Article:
A Health Canada report has only served to reinforce the uncertainty over CannTrust (CTST). The stock surged back over $3 on Friday to only swoon 25% to start the week as a report from the cannabis regulatory body provided no assurances for CannTrust. Investors need to remember that the stock is still worth $450 million with all cannabis products still on a voluntary hold questioning whether CannTrust has any value.
Health Canada Audit
By now, CannTrust expected to be on the path to growing outdoor cannabis and producing a crop of up to 75,000 kg and total capacity reaching 200,000 kg in 2019. The Health Canada report sent to the company after hours on Friday only appears to detail more audit problems with no real solution in the works.
Not only did CannTrust grow cannabis in unlicensed grow rooms and attempt to evade the regulators during a routine audit, but also the company failed to provide sufficient security, adequate quality assurance controls and operating procedures along with a failure to retain documents necessarily to complete the audit in a timely manner. The company has encountered so many problems that CannTrust has hired independent consultants to help meet these regulatory requirements.
So much for the Canadian cannabis company only attempting to evade auditors while waiting for official license approval for the grow rooms from the regulatory body. The recent pulling of the auditors reports by KPMG suggests inventory levels listed in the quarterly statements weren’t accurate, amongst other potential issues.
Investors shouldn’t rely on any of the past statements from the company that originally led the market to believe Health Canada would provide details within 12 business days over a month ago. Ultimately, the lack of guidance on a possible solution to the regulatory headaches other than attempting to resolve these other non-compliant issues is a major problem for investors.
The Ontario-based company had recently raised $170 million in gross proceeds via an equity offering so at least cash isn’t an immediate issue. The problem here is the unknown costs for legal fees, Health Canada fines, shareholder lawsuits and the current cash burn to keep the operations going while the company isn’t selling any cannabis products.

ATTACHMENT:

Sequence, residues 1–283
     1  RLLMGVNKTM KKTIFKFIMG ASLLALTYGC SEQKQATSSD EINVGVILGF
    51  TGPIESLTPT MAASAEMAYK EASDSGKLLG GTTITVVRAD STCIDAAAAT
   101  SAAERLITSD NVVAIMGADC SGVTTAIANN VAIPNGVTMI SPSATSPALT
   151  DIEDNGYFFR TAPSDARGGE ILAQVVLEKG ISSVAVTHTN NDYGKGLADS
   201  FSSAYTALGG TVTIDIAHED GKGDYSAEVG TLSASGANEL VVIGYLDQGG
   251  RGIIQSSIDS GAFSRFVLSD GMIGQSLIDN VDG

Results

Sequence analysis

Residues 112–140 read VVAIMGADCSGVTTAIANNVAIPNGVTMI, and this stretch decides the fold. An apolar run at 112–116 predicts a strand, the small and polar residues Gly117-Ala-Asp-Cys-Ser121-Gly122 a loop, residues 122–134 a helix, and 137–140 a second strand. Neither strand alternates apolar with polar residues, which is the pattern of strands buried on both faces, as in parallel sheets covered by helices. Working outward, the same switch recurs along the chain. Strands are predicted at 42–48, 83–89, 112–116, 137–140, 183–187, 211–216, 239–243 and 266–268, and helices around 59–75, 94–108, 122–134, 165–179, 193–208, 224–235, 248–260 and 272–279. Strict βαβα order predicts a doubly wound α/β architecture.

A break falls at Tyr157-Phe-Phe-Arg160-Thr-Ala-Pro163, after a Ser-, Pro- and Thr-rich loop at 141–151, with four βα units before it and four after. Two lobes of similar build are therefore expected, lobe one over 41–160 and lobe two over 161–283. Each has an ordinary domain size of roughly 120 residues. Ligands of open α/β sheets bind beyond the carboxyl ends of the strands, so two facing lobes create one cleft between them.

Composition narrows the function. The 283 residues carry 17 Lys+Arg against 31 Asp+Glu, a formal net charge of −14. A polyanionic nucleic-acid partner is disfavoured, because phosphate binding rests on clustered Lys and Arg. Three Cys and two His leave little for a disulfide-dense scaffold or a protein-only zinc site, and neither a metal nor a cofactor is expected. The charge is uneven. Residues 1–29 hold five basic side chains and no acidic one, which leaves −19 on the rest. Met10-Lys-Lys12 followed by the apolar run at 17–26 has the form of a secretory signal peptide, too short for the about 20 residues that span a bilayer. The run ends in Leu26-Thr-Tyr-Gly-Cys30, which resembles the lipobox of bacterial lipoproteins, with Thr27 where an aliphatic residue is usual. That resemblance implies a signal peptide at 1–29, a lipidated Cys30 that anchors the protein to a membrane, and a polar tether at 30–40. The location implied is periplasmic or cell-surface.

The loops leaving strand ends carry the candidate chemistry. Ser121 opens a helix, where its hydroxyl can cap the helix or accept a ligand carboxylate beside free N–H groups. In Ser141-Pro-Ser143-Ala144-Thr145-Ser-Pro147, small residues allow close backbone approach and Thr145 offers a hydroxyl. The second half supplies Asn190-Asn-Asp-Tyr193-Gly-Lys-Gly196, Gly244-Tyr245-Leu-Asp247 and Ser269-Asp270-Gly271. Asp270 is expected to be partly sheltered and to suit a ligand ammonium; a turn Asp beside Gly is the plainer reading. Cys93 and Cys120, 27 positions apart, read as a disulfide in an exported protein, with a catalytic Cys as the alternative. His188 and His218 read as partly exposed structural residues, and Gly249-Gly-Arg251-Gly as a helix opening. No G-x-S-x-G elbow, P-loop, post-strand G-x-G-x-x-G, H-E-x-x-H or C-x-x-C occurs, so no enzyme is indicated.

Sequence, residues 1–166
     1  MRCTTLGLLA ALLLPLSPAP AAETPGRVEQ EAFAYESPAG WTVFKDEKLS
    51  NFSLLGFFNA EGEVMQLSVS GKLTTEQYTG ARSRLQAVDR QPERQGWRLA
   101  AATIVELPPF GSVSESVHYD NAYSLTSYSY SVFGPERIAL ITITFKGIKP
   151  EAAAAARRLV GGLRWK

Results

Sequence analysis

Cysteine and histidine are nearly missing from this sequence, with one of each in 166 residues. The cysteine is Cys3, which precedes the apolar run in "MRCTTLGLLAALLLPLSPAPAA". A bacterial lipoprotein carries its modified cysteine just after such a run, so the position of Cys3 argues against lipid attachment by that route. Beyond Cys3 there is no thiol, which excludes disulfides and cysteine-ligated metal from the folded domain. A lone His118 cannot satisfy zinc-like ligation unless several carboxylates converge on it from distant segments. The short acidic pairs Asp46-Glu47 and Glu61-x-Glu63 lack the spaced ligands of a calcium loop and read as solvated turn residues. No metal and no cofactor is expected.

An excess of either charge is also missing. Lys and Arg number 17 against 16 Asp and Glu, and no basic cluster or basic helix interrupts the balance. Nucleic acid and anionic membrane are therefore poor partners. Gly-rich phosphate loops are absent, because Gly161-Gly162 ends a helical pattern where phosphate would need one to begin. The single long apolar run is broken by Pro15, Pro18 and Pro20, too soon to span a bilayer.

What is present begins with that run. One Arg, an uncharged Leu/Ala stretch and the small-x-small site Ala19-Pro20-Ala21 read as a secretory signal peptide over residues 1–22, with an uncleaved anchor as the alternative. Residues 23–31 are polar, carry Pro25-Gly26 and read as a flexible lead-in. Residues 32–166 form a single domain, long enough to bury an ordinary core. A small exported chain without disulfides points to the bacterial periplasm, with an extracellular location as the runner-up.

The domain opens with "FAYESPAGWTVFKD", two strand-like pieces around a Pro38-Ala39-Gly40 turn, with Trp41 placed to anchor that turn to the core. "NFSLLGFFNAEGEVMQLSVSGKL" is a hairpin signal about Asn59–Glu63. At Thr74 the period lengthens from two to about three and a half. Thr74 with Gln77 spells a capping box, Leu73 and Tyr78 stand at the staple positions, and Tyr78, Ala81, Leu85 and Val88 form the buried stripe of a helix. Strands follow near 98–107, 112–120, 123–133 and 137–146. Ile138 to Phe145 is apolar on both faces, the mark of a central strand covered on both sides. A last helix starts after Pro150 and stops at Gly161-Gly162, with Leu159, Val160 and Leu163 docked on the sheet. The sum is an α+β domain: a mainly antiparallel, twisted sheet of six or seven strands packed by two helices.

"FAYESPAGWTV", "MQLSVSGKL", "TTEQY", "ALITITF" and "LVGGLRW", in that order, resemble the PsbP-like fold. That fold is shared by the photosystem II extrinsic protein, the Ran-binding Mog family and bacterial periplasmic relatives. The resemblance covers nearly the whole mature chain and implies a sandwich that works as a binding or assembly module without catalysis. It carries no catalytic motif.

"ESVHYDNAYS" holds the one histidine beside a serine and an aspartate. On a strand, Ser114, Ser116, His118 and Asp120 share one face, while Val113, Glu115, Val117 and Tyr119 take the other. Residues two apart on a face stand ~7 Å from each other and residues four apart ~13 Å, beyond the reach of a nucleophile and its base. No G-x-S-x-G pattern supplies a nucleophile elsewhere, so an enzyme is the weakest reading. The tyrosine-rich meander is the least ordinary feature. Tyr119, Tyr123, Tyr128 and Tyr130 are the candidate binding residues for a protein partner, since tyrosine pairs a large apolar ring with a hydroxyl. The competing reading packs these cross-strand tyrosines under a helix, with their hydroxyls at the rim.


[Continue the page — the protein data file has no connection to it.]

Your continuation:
CannTrust had an aggressive plan to expand cannabis production in Canada. The company was headed towards 50,000 kg of greenhouse output in Q3 with an outdoor grow area in full production mode. The ultimate goal was to reach a 2020 production exit rate of 200,000 kg to 300,000 kg per year.
The company only sold 3,000 kg of dried flower in Q1 showing the substantial upside opportunity. By the end of 2020, CannTrust could produce 75,000 kg of cannabis in Canada on a quarterly basis plus have a sizeable hemp-based CBD operation going in the U.S.
The problem here is not knowing whether the company will get licenses approved for new facilities such as the outdoor grow sites. Or whether the company will have the capital to finish expansion plans.
Adding insult to injury, Eight Capital analyst Graeme Kreindler reiterated a Sell rating on CannTrust stock with a C$2.00 price target, which implies nearly 40% downside from current levels. (To watch Kreindler’s track record, click here)
The key investor takeaway is that CannTrust is a wounded giant in the making that Health Canada could still chop off at the knees. An investor needs more certainty to make an investment with the stock more of a gamble with a binary outcome depending on the unknown Health Canada ruling. The best option is for investors to remain on the sidelines pending further details from Health Canada.